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Last Friday, dozens of women gathered at the San Francisco offices of Seyfarth Shaw for the first Shape the Law unconference.
No, no. You didn’t misread, and that isn’t a typo.
Popular in the technology world, an unconference transfers control of the proceedings from conference organizer to attendees. There is no set agenda when you arrive; you contribute to its creation. It may sound strange, perhaps chaotic, as it’s easy to picture a lecture hall with everyone shouting ideas as one or two people squiggle unintelligibly on blackboards.
The Shape the Law organizers — Laura Maechtlen, Mary Redzic, Alexandra Devendra and Jeena Cho — did their homework to avoid such calamity, and the result was an afternoon of discussion, connection and community.
Every conference has a grid that lays out tracks and topics, along with a list of speakers and expectations of what’s to be discussed. Did you just yawn, or roll your eyes?
Of course, you did. That’s a conference.
Since Shape the Law is an unconference, over a delicious Mediterranean lunch, the 80 or so women lawyers in attendance got to know one another. When the plates cleared, Cho put us all in a calming mindset with a meditation exercise, asking us to focus on our breathing, the sensation of air moving in and out, and making note of what else we sense or feel.
I confess I cheated. I started with my eyes closed as instructed, and after a few breaths, I opened them to observe.
One observation: Mindfulness does not lend itself well to live tweeting. Another: The atmosphere of the room shifted to a more calm, open state as more attendees relaxed and followed Cho’s instructions.
I’m a skeptic of mindfulness unless it has to do with falling asleep, and will be the first to tell you I lack the patience for meditation. But sitting quietly, watching attendees follow mindful meditation instructions, was eye-opening and oddly relaxing.
In this open atmosphere, we started the work of shaping the conference.
Each table had a pad of large sticky notes, and everyone wrote down questions or issues they wanted to discuss. Once the plates were cleared, the organizers went around the room with a microphone so everyone could introduce themselves and the topic they wanted to discuss. The sticky notes were passed to the front where two other organizers set about, well, organizing them.
The result was eight tracks, with topics spread over three sessions. The wall looked daunting from across the room, but up close it was a window into the life of a woman lawyer, as well as how the concept of “work” is changing for everyone.
While shaping the unconference, two things became clear: many women had similar questions or topics they wanted to discuss, and everyone seemed thrilled they weren’t alone. There were rounds of applause, cheers and even nods of solidarity when a question was posed or issue raised that resonated with the room. Even I found myself clapping or nodding in solidarity.
While I’m not a lawyer, I, too, have to navigate the landmines of being female in a male-dominated culture. As a writer in the tech world, and not a designer or developer, my credentials are automatically questioned and challenged. Law being a male-dominated culture, much like tech, suddenly being surrounded by women who knew exactly what you were talking about was powerful, and encouraging.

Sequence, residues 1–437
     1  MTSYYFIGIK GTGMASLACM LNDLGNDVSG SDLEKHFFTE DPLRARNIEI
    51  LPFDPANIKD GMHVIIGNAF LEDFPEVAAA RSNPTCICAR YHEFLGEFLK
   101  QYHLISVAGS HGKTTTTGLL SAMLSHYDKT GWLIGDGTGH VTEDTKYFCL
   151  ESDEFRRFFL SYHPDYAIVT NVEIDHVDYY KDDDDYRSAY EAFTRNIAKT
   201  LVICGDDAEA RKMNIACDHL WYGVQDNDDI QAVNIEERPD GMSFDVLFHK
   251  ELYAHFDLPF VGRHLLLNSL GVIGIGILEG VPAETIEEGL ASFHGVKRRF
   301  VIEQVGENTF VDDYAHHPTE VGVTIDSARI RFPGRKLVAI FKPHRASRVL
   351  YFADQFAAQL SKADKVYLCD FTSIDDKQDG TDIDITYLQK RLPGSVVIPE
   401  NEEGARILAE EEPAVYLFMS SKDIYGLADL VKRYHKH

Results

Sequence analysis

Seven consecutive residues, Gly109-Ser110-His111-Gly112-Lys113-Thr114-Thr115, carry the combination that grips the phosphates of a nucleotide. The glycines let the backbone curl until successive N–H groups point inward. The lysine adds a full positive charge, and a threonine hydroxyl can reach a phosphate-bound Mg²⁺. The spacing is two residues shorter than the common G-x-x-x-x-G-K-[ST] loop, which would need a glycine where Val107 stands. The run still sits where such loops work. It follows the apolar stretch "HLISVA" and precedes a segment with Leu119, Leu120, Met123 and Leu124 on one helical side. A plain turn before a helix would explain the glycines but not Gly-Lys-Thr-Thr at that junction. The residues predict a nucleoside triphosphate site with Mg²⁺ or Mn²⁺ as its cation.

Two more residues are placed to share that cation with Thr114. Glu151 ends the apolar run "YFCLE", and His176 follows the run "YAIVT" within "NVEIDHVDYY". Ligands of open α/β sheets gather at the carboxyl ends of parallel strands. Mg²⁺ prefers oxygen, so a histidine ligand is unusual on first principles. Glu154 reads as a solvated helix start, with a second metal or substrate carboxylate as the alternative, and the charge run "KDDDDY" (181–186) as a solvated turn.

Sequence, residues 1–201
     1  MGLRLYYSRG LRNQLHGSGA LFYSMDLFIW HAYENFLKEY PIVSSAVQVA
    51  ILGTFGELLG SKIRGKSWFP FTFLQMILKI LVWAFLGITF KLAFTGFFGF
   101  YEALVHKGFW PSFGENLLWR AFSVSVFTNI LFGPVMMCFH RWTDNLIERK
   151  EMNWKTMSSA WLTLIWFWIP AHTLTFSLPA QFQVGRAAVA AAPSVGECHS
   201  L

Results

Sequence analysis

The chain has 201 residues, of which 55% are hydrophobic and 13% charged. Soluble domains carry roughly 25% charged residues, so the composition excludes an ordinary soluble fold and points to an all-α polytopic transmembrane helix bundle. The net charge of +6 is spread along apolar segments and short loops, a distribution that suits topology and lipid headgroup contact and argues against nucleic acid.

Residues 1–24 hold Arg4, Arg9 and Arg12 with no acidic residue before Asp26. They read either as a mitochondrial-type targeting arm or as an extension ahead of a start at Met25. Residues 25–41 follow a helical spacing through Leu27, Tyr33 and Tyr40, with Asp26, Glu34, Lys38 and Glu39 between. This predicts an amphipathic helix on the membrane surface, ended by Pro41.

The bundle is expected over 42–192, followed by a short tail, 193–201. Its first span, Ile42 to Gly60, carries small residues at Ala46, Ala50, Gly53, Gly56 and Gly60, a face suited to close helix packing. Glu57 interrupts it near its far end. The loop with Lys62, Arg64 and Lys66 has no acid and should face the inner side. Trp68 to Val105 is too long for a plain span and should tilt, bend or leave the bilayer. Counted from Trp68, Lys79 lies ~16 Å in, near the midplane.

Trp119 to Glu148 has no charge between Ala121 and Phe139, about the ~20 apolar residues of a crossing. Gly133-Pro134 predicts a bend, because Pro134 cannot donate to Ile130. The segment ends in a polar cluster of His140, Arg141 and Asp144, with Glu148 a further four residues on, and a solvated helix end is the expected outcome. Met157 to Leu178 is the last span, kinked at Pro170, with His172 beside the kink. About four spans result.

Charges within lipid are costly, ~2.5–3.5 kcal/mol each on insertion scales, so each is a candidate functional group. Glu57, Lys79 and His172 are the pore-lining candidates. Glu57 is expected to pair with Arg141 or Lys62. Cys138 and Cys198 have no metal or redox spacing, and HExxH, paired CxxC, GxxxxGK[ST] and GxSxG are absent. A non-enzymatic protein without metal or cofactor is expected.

This being an unconference, we were free to come and go from group to group and encouraged to let the conversation unfold naturally. It’s surprising what happens when conversation isn’t dictated ahead of time. The topic of career changes, for example, was particularly large, and you’d think it’d be unruly. Instead, it created a flurry of ideas and solutions. Other topics were smaller and more intimate groups generated action plans and instant relationships.
At the end, all the discussions, ideas, challenges and ways to tackle them were translated into visual representation for easy reference by a visual artist.
I’ve been a fan of unconferences and have, more than once, caught myself thinking “hey, this would be a great topic” over drinks, or during a dinner at a traditional conference. The same kinds of questions and challenges come up during informal conversations at traditional conferences, but there isn’t yet a good way to connect them, creating pockets of people struggling with the same thing. One or two pockets may include someone who’s found a solution, but the message doesn’t always reach the rest.
An unconference like Shape the Law is one way to fill the gap, as it were. And while the traditional conference leaves you feeling energized yet exhausted, an unconference leaves you feeling energized and empowered. You leave with newfound support from a community that had previously been in the shadows and separate from one another.
The practice of law is shifting and upending itself on many levels. While most will point to technology and the efficiencies it brings, the mindset of what it means to be a lawyer is also shifting. This causes old habits to rear themselves in an effort to protect, and its impact can be discouraging and isolating. Unconferences like Shape the Law can help you reconnect with why you got into law in the first place — and connect to a community that not only understands but can help problem-solve and be supportive.
In the constant on-demand world of today, it’s refreshing to reconnect with the touch of humanity.
Photos by Natalie Jenks, courtesy of Shape the Law. Conference graphics by The Grove Consulting.
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